27 February 2006
The Legal Services Directions 2005
The Attorney-General has issued new Legal
Services Directions (LSDs), known as the Legal
Services Directions 2005 to replace the Legal Services
Directions issued in 1999. The new LSDs commence on 1 March
In the Explanatory Statement accompanying the Directions,
the Office of Legal Services Coordination (OLSC) advises:
For clarity and ease of use, the Attorney-General has
decided not to amend the existing Directions, but to
issue a new instrument which comprises certain changes
to the Directions in their previous form.
Major changes at a glance
Foremost among the new changes are:
- the threshold for a 'major claim' rises from
$10,000 to $25,000
- extension of the coverage of Appendix C ('Handling
monetary claims') to claims by the Commonwealth,
as well as claims against the Commonwealth
- agency heads must make available records of their
agency's legal services expenditure
- agency heads must after the end of each financial
year disclose to OLSC any possible breach of the LSDs
not previously reported
- barristers who have been or are presently bankrupt
and who have been the subject of an adverse disciplinary
finding on that account, are only to be briefed with
the approval of the Attorney-General
- agencies conferring subrogation rights on contractors
must use their best endeavours to ensure that the contractor
agrees to comply with the model litigant policy, and
consult with the agency if matters arise relevant to
the tied work or 'sharing of advice' obligations
under the LSDs
- the type of limitation period that is to be invoked,
in the absence of approval otherwise, now excludes those
applying to judicial or merits review
- the Attorney-General may impose sanctions for non-compliance
with the LSDs.
What is the overall effect of the new LSDs?
Of particular note, there is a strengthening of:
- agency accountability for LSD compliance
- the 'whole of government' focus in the provision of
legal services to agencies.
What is the application of the new LSDs?
As with the former LSDs, the new LSDs apply to all agencies
that are FMA agencies (that is, prescribed agencies for
the purposes of the Financial Management and Accountability
Act 1997). They have the same limited application as
the former LSDs to bodies covered by the Commonwealth
Authorities and Companies Act 1997 that are not government
business enterprises (GBEs) or companies under the Corporations
Act controlled by the Commonwealth (see cl 12).
What are the new requirements on reporting and LSD compliance
Agency heads under cl 11 will now be required by 30 October
each year to make publicly available records of their agency's
legal services expenditure for the previous financial year.
Further, the agency head is responsible for giving to OLSC,
within 60 days after the end of each financial year:
- details of any possible breach of the LSDs not reported
- details of actions taken to address breaches occurring
during the financial year
- any other information relevant to the agency's LSD
Do the new LSDs affect the model litigant policy?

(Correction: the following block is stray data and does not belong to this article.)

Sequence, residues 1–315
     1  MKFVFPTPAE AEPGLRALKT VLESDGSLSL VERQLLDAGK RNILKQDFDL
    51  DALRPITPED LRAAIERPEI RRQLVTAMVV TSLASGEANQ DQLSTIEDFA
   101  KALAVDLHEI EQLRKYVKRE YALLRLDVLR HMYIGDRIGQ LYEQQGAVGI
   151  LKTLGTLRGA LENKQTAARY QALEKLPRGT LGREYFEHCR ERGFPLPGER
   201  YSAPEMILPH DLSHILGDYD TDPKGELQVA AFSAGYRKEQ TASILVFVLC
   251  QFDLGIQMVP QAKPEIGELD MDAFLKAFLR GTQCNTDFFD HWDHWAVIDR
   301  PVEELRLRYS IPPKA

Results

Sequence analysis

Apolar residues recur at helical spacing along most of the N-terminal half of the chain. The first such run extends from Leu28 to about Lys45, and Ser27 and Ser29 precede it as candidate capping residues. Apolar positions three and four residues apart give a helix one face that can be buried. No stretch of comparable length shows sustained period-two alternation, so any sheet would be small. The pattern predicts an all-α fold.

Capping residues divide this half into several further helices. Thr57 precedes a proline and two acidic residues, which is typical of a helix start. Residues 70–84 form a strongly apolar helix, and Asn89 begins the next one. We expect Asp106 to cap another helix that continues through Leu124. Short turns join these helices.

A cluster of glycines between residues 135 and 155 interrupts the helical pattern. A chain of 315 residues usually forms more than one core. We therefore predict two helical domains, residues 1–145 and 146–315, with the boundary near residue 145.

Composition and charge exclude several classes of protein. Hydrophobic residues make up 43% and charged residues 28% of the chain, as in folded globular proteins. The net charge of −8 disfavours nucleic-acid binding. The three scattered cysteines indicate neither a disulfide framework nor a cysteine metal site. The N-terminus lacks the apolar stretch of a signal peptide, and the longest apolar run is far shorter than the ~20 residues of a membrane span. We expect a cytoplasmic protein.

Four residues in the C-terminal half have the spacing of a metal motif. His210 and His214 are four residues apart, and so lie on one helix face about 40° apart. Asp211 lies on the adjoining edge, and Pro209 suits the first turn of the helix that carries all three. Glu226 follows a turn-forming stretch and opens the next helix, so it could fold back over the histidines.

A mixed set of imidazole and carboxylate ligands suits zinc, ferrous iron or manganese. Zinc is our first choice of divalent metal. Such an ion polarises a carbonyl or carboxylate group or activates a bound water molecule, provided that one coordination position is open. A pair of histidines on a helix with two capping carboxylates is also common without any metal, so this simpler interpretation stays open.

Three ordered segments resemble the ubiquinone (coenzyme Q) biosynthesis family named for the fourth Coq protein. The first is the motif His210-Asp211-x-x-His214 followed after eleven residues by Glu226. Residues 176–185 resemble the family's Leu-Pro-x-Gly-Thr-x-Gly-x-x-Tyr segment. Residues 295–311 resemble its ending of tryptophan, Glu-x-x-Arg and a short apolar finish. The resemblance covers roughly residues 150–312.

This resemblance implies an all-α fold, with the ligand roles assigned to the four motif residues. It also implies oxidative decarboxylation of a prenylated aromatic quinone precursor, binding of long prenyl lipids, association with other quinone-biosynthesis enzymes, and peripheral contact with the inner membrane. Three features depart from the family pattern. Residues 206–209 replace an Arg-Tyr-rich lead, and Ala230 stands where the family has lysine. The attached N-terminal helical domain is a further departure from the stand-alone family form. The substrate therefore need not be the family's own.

The model litigant policy detailed in Appendix B has been
given further definition in new cl 2(d) to make clear that
the requirement to limit legal proceedings wherever possible
includes giving consideration to alternative dispute resolution
before initiating legal proceedings, and participating
in alternative dispute resolution processes where appropriate.
Have there been changes to the requirements for consulting
administering agencies on requests for advice?
Clause 10, addressing advices sought on legislation administered
by other agencies, has been amended to clarify and expand
upon the obligation to consult on a request for advice,
requiring, among other things:
- the provision of a copy of the request for advice
to the administering agency
- such reasonable consultation with that agency as it
may require before the advice is finalised.
The exemption for advices on a routine matter that merely
applies a settled interpretation has been tightened slightly.
As a result, even routine advices will need to be provided
to an administering agency (or at least the agency consulted)
- the advice relates to legislative provisions not previously
considered by the courts, is contrary to existing policy,
or could raise new policy issues in respect of the legislation
- the matter could create a precedent, or
- the requesting agency has identified a potential weakness
in the legislation.
Has there been any change to requirements on the conduct
of litigation using in-house lawyers?
There has been no change to cll 5.1 and 5.2, which stipulate
that an agency may only conduct litigation using in-house
lawyers with the Attorney-General's permission.
Where can the new LSDs be found?
The new LSDs are accessible through OLSC's
website. In addition, the website carries an Information
Briefing and Explanatory Statement outlining the changes.
The contact officers in OLSC for queries about the new
LSDs are Susan Cochrane, Principal Legal Officer (02)
6250 6599 and Karl Alderson, Assistant Secretary, (02)
6250 6611, email email@example.com.
AGS, as the leading legal services provider to Commonwealth
agencies, stands in a unique position to help agencies
to understand and comply with the new LSDs as they may
apply to the conduct of matters.
Special Counsel Litigation
T 02 9581 7490 F 02 9581 7732
Important: The material in Express
law is provided to clients as an early, interim
view for general information only, and further analysis
on the matter may be prepared by AGS. The material
should not be relied upon for the purpose of a particular
matter. Please contact AGS before any action or decision
is taken on the basis of any of the material in this